Are you usually the first person to make amends after an argument? 


“It depends. If I think I’m on the right, then I wait for the other person to come and talk to me. However, if I know that I am wrong, I am humble enough to approach the other person and apologize.” 

Sample Response 2: 

“I’d like to talk about a time when I had an argument and a misunderstanding with a friend. It happened a couple of years ago. It was a school holiday, and two of my college pals came to see me. After a few chats, one of them started to go through my library, which I have been building since I was a child. I love reading books from an early age and have a huge collection of different types of books. He chose one of the novels that I had just begun reading that day in the morning.

It was Mark, one of my closest college friends. He started the argument when he wanted to read the novel at home. I tried to persuade him that I had begun reading the novel before they arrived at my house and that I had already read a significant chunk of it. However, Mark was dead set on getting the book. As a result, the argument continued. Samuel, our other companion, sat silently, watching us exchange words. For approximately 15 minutes, we argued, and I attempted to persuade him to choose some other books, but he was adamant. He did not change his mind and stated that he had started reading the novel and was unable to finish it for some reasons. He does not want to miss the opportunity to finish the book now.

Finally, I compromised and gave in to his obstinacy and allowed him to borrow the book on the condition that he give it back right after he finished reading it. I also told him that he should not lend it to anybody else. He had lost most of his books due to his exceptional generosity, as he had done previously with my books.”

Follow-up Question 1:

Are you one of those people who find it hard to say ‘no’?


“As a matter of fact, I do. For some reason, it’s really something I’m having difficulty with. I think it’s just this innate trait in me that I do not want to disappoint the people around me. But it’s not that bad after all; it’s also being helpful, and who does not want to help others, right?” 

Follow-up Question 2: 

Do you believe that arguments are part of friendships and any other relationships? 


“In my perspective, that is true. True friendships are tested by the maturity we possess when we have an argument with someone. Arguing is not a bad thing. It just goes to show that you have different views about something, which is good in a way because we get to learn where they are coming from. Physical alterations while arguing, on the other hand, is another story.”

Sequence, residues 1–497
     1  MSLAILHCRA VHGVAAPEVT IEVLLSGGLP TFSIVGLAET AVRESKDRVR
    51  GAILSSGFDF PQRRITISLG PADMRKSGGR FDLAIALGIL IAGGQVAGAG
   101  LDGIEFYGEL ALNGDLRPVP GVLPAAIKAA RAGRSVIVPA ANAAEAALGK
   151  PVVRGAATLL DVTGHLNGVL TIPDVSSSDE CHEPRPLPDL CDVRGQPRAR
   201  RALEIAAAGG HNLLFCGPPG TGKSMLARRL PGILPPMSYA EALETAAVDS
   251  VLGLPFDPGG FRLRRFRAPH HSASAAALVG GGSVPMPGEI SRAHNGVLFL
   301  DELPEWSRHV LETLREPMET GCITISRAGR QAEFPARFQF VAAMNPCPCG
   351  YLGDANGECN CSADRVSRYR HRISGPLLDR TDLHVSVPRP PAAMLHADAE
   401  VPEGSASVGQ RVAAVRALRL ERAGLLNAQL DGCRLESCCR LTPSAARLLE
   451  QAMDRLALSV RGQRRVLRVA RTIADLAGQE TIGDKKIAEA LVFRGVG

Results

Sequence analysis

Vocabulary List for Answering the Question: “Describe a Time When You Had an Argument with Someone”

Below are some words from the sample responses for the cue card topic Describe a time when you had an argument with someone.’ with their definitions and example sentences to guide you. 

WordPart of SpeechDefinitionExample Usage of
the Word in a Sentence
acknowledgenounTo recognize or acknowledge the existence of or the veracity of“She refused to acknowledge that reform is required.”
adamantadjectiveRefusing to change one’s views or be convinced“The president was adamant that she will not step down.”
adequatelyadverbAt an acceptable or satisfactory degree“She had not adequately prepared for the work at hand.”
argumentnounA passionate or angry discussion between people who hold opposing or divergent viewpoints“We came to an agreement without much argument.”
compromiseverbTo solve a disagreement by common concession“They considered whether or not to compromise with the opposition parties.”
distressnounAnxiety, sadness, or anguish to an extreme extent“When her infant became ill, the mother was in distress.”
divergencenounA contrast or conflict in viewpoints, goals, or desires“The divergence in incomes between affluent and poor countries appears to be widening.”
exceptionaladjectiveUnique; out of the ordinary“The audio recording is of exceptional quality.”
insistverbTo insist on something vehemently, refusing to accept denial“Life is actually quite simple, yet we insist on complicating it.”
justifiableadjectiveAble to be demonstrated to be correct or reasonable“On the basis of safety, the rule is justifiable.”
obstinacynounA trait or state of being stubborn“Her obstinacy annoyed me.”
persuadeverbTo make someone do something by logic or argument“How did you persuade him to change his mind?”
sensibleadjectiveThe quality of exhibiting or displaying prudence“This time, I’d like us to be a little more sensible and firmer.”
sentimentnounA point of view or attitude toward a situation or occurrence“The picture has a problem in terms of sentiment, which is a little shady.”
wrathnounSevere enragement “To avoid the king’s wrath, he departed the kingdom.”

Additional Reading — IELTS Speaking Cue Card Questions